Doctors' Protests Won't Stop Bill to Regulate Private Hospitals, Says Karnataka Health Minister
Ramesh Kumar pressed for the need to bring in the changes that restrict over-pricing as well as neglect by doctors and private hospitals.
Doctors and healthcare professionals during a protest march against the proposed amendments to the Karnataka Private Medical Establishments (KPME) Act, 2007 in Bengaluru. (Image: PTI)
Bengaluru: Rising in strong defence of the new Bill to rein in private medical establishments, the Karnataka Health Minister, Ramesh Kumar, on Tuesday pressed for the need to bring in the changes that restrict over-pricing as well as neglect by doctors and private hospitals.
The minister said the controversial amendments to the Karnataka Private Medical Establishments Act would go forward despite opposition from the India Medical Association and the medical fraternity in the state. However, he conceded that the more stringent provisions, including the six-month jail term, may be reconsidered.
Launching a scathing attack on those who called the bill draconian, the minister said the Bill protects the interests of patients and common man. “As a public representative, it is the interests of the people that I represent. If not, what is the use of the Assembly or the government”, the minister remarked.
His speech in the Legislature came after protests by over a thousand doctors last week against the proposed new law.
Under the Karnataka Private Medical Establishments (Amendment) Bill, 2017, tabled in the Legislative Assembly last Tuesday, the government will fix rates for procedures in private hospitals, set up grievance redressal cells, prohibit any additional charges and any advance payment in case of an emergency.
Critics of the Bill say that if passed, the new rules will enable the government to regulate functioning of private hospitals in all aspects. Another bone of contention is that government hospitals have been kept out of the purview of the Bill.
Narrating the many malpractices in the medical profession, the Health Minister said hospitals charge exorbitant rates without the knowledge of the patient. He gave the example of generic medicines, which he said are supplied by the state government at a much cheaper rate than branded drugs.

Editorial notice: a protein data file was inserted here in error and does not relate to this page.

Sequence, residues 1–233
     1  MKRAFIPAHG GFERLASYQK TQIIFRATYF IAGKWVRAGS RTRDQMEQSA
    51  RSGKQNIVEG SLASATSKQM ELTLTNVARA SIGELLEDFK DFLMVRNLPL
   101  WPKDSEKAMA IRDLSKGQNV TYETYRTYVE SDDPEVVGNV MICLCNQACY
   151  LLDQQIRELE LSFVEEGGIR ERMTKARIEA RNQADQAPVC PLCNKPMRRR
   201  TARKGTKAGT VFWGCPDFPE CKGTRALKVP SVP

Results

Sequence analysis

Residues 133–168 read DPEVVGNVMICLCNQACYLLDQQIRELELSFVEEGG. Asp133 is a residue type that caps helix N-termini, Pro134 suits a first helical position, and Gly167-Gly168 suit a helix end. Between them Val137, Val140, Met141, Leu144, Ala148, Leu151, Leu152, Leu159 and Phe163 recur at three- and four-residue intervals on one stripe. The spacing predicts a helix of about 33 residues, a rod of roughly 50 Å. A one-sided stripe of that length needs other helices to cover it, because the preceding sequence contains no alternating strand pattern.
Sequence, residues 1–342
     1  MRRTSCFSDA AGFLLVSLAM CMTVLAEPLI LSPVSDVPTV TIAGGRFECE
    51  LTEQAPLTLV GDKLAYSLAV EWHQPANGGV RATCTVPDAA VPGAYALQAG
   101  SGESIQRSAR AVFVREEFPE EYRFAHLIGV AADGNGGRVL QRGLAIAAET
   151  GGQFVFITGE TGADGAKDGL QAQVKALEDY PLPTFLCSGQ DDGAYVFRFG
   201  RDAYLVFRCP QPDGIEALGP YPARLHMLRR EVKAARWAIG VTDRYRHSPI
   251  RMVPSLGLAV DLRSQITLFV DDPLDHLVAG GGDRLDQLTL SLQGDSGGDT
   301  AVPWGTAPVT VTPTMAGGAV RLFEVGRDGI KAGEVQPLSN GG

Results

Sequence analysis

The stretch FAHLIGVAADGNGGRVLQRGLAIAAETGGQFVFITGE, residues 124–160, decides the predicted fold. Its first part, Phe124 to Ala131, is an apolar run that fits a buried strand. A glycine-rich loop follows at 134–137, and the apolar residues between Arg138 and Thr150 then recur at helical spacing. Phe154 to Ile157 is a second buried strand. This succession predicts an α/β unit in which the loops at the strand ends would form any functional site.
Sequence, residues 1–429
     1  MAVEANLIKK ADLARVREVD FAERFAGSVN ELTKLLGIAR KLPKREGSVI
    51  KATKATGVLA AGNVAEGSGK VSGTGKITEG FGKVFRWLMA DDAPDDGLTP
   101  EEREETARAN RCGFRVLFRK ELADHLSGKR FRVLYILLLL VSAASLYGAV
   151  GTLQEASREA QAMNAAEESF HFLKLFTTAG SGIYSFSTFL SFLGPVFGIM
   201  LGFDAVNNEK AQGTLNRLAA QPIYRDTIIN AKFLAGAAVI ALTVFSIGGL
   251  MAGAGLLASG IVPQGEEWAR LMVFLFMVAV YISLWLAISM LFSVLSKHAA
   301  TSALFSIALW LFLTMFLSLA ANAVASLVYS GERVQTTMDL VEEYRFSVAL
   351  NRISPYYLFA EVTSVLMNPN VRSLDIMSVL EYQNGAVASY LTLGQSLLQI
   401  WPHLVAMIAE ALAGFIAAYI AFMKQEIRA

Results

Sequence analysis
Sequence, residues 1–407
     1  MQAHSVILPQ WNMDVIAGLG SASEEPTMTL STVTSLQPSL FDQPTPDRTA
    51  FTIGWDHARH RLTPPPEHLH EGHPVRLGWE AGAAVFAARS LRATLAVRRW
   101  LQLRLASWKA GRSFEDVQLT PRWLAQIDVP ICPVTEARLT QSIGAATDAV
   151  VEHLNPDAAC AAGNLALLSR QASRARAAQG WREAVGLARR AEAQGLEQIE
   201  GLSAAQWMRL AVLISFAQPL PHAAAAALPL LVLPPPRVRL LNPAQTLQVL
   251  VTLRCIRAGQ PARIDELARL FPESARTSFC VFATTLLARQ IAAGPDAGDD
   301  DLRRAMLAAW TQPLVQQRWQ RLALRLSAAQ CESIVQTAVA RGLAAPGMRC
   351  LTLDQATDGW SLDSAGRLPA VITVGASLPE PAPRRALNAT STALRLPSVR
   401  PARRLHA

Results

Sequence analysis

“The difference is sometimes more than 80%. But if I speak up about it, they say he is interfering,” said Kumar.
“Overpricing is a common phenomenon. For a stent which costs Rs. 50,000, private hospitals charge Rs 2 lakh. And most of the time, the patients are unaware of it. The situation is so grave that even the insurance companies have blacklisted 337 hospitals for inflating bills,” the minister told the Assembly.
Highlighting the case of the Indian Cancer Hospital which had raised bills from the government for dead patients for many government schemes, Ramesh Kumar wondered why the Indian Medical Association has not taken any action against them.
A visibly upset Kumar went on to narrate many anecdotes from his tours and inspections wherein apathy on the part of doctors and private hospitals resulted in immense pain to common man.
Kumar said the doctors opposing the bill are being misled by medical establishments. The bill is not against individual doctors but intends to hold establishments accountable, he said.
“We will go ahead with the bill despite opposition. There is a suggestion from the Chief Minister to remove the six month jail term. And few other suggestions are taken into. But the bill will be passed” he informed.
The bill has not yet been passed. It has been referred to a joint house committee to come up with recommendations within four to five weeks.
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